River Of Light To Flow Through Waterbury

Dec 2, 2014

For one night, during the darkest part of the year, light flows down Waterbury's Main Street. Hundreds of people carry handmade tissue paper lanterns to light up the night. This year's River of Light lantern parade happens this Saturday, Dec. 6, starting at 5 p.m.

"It’s like the Fourth of July. Only dark," commented communications volunteer Lisa Scagliotti.

Saturday marks the fifth annual River of Light parade in Waterbury. Participants are invited to join the parade or line the route, which starts at Thatcher Brook Primary School and ends with a bonfire and hot chocolate at Dac Rowe recreation fields.

This year's theme is "Our Town: Faces, Places and Buildings from Your Hometown." During November, local artists held a series of community and school-based workshops on how to build the willow and tissue paper lanterns used in the parade. The lanterns are lit with small battery-powered LED tea lights.

"It's like the Fourth of July. Only dark." - Volunteer Lisa Scagliotti

"Over the past several weeks, Thatcher Brook Primary School students from kindergarten through fourth grade constructed lanterns using willow branches and tissue paper during art classes," an event press release states. "The younger classes experimented with adding bold colors to their lanterns this year, while third and fourth graders learned about architecture to influence their creations."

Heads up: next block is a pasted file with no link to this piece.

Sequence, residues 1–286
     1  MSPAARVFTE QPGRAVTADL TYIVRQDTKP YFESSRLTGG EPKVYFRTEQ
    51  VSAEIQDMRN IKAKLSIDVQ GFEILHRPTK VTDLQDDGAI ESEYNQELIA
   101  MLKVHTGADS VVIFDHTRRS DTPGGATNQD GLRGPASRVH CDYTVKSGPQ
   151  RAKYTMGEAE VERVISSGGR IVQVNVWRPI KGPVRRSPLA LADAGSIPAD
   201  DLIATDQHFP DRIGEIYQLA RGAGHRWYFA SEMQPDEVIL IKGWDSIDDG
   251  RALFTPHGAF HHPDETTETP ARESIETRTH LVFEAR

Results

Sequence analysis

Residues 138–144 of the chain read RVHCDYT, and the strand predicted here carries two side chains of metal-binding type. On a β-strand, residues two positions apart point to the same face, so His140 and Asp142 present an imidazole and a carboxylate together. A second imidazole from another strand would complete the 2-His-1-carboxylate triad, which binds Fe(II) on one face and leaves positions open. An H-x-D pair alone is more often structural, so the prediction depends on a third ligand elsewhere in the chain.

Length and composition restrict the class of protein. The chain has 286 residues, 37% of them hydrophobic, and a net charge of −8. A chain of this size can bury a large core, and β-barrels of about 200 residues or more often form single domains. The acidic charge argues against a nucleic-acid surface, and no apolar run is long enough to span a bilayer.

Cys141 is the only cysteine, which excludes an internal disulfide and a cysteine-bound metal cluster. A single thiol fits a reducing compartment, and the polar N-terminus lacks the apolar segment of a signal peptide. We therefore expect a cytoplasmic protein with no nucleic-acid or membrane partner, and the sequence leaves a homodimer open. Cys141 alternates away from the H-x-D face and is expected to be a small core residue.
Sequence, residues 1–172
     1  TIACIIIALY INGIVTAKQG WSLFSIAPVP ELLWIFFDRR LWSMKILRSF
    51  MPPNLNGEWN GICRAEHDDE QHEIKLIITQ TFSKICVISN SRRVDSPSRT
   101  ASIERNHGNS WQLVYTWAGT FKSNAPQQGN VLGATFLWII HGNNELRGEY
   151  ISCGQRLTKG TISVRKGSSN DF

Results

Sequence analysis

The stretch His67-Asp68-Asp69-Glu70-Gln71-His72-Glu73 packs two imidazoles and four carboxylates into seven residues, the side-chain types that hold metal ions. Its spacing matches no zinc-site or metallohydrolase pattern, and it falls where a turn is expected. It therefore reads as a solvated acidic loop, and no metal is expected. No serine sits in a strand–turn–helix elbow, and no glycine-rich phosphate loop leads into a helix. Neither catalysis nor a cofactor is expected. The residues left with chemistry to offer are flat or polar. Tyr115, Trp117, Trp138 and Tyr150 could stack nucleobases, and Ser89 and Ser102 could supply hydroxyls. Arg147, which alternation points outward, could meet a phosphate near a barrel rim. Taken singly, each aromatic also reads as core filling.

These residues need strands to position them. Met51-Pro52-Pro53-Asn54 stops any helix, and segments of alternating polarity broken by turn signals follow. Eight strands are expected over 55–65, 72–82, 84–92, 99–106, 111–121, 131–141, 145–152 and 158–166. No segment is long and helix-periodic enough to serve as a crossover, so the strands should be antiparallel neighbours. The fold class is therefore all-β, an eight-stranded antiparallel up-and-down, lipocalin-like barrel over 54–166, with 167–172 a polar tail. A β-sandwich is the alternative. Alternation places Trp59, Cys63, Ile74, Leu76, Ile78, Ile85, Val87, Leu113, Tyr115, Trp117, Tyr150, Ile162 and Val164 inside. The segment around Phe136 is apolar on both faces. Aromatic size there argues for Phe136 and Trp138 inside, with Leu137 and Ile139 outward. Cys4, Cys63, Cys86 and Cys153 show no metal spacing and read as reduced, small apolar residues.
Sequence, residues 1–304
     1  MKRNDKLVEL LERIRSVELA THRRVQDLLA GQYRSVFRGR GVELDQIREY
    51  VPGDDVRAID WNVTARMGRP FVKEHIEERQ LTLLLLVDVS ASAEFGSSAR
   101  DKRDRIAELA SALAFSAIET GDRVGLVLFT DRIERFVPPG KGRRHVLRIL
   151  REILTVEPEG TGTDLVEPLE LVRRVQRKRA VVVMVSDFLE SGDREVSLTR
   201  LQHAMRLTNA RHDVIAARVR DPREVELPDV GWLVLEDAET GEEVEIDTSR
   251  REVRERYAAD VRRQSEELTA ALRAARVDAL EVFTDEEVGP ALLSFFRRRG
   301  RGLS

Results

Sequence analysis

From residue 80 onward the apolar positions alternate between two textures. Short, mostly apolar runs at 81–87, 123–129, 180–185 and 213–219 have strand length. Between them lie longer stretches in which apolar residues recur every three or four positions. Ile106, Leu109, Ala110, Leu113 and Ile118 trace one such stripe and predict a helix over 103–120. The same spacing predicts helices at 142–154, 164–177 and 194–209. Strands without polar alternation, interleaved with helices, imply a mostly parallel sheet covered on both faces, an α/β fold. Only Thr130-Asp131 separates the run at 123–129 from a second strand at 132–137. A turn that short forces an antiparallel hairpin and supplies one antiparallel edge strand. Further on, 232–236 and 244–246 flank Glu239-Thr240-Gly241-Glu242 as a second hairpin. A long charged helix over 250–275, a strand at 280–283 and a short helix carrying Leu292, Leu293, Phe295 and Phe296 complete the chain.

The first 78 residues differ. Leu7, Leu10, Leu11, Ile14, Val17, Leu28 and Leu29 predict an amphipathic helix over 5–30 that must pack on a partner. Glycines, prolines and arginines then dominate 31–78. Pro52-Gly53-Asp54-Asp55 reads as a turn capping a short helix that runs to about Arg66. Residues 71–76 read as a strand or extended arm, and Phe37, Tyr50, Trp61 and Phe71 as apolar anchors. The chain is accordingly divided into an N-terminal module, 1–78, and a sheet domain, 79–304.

Thatcher Brook art teacher MK Monley is one of the parade organizers. This year she invited Norwich University art and architecture professor Angelo Arnold and some of his students to introduce architectural themes to her elementary school students. Visual artist Gowri Savoor, another parade organizer, then spent two weeks working with the students to apply their architectural knowledge to lantern making. 

This year's lanterns include a covered bridge, two lighthouses, a giant shuttlecock, maple trees and replicas of Waterbury’s Seminary Arts building, Montpelier’s Union Elementary School and the Chrysler Building. Most lanterns will be carried by individuals, but some larger creations will require several people to transport them along the parade route.

Music is also a big part of the parade that lights up the night. This year's lantern parade includes the Burlington street samba band Sambatucada, Burlington-based West African drummers and dancers Jeh Kulu, as well as Waterbury's own Crossett Brook Middle School Junk Band.